**New hybrid battery improves power, size, cost and longevity**
**Rapid expansion forecast in popularity of hybrid vehicles**
**Record sales of Toyota hybrids in Australia**
Toyota has developed a new, more powerful hybrid battery designed to support a forecasted rapid expansion in the development and introduction of hybrid vehicles.
The announcement of the new battery, which also promises to be smaller, cheaper and longer-lasting than current technology, comes as sales of electrified vehicles in Australia reach record levels – led by Toyota’s hybrids.
Toyota says the new battery is designed to make electrified vehicles even more popular by improving the performance of hybrids, including better fuel economy and lower emissions.
It was developed jointly with Toyota Industries Corporation, which will produce the new battery at its Kyowa plant in Japan’s Aichi prefecture – a region that is home to several Toyota manufacturing plants.
Details of the new battery, including production timing, target vehicle models, specifications and performance, will be announced later.
The news coincides with Toyota Australia’s prediction it will sell a record 40,000 hybrid vehicles this year, following an all-time high of 27,846 hybrid sales in 2019.
Last month, Toyota’s hybrid vehicles set a January sales record of 3,100 cars – accounting for 20.9 per cent of the company’s overall deliveries.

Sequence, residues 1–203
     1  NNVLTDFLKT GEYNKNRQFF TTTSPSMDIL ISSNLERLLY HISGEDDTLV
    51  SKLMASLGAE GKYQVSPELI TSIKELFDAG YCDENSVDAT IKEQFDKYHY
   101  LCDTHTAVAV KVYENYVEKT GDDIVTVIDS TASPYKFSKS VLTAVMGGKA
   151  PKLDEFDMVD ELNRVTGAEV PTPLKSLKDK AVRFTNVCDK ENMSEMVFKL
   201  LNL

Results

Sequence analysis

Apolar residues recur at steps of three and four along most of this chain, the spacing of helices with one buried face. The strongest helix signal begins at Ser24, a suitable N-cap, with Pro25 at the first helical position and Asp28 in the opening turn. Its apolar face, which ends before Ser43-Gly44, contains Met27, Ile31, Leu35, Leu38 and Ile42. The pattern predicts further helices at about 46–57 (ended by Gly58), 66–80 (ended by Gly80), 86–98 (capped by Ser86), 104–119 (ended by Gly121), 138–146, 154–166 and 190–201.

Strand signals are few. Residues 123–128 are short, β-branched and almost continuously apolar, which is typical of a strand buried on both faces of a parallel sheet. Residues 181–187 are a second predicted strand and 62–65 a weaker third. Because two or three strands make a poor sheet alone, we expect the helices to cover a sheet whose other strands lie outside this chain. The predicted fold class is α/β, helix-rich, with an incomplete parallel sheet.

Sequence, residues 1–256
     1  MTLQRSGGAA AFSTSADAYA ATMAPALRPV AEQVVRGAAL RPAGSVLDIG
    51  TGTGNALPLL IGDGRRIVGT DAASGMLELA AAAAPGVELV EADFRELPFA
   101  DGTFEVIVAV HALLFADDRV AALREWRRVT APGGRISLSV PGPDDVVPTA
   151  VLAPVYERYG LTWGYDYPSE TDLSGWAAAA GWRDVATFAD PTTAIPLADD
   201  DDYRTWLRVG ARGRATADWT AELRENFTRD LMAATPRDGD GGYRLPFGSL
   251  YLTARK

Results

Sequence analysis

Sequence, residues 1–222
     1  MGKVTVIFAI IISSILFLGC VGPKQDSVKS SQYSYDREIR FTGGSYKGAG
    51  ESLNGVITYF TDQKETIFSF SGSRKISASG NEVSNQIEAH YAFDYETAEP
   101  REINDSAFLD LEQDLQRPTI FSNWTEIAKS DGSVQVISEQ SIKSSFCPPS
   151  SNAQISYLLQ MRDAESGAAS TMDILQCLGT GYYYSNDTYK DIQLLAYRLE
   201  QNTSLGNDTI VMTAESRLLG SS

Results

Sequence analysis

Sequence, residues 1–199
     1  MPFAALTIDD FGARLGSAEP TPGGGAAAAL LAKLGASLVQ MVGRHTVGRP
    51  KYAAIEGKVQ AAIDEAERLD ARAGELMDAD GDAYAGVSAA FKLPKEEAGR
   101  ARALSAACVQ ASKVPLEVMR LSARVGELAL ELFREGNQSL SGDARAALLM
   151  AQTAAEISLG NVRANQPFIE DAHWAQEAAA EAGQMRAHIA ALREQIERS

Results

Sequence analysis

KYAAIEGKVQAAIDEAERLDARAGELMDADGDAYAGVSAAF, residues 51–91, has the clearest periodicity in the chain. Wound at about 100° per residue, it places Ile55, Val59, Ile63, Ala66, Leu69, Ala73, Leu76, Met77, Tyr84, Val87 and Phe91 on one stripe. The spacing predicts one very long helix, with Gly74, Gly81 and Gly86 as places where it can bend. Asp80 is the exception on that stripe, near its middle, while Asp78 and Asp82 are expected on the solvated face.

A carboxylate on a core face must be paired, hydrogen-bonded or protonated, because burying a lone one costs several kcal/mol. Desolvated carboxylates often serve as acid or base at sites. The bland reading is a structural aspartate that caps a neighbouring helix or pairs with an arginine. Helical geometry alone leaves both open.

This was almost double the 1,584 hybrids sold during the same month last year – an increase of 95.7 per cent.
Corolla was the best-selling hybrid in January with 1,152 hatches and sedans, followed by closely by RAV4 (1,136) and Camry (627).
The order was reversed in terms of percentage of individual model sales with hybrids accounting for almost 60.8 per cent of Camry sales, 49.6 per cent of RAV4 sales and 48.6 per cent of Corolla sales.
Toyota Australia Vice President Sales and Marketing Sean Hanley said the rising popularity of hybrid sales is remarkable in a tough market environment.
“The rapid growth in our hybrid sales underlines the success of Toyota’s global strategy to popularise electrified vehicles to reduce fuel consumption and carbon dioxide emissions,” Mr Hanley said.
“Toyota is a pioneer in electrified vehicles, accumulating significant technologies and experience in their development, production and sales during more than 20 years of mass-producing hybrid cars,” he said.
“Our parent company decided to develop a new battery for hybrid vehicles due to the need for more compact batteries that can offer greater power and longevity at lower cost than the current options.”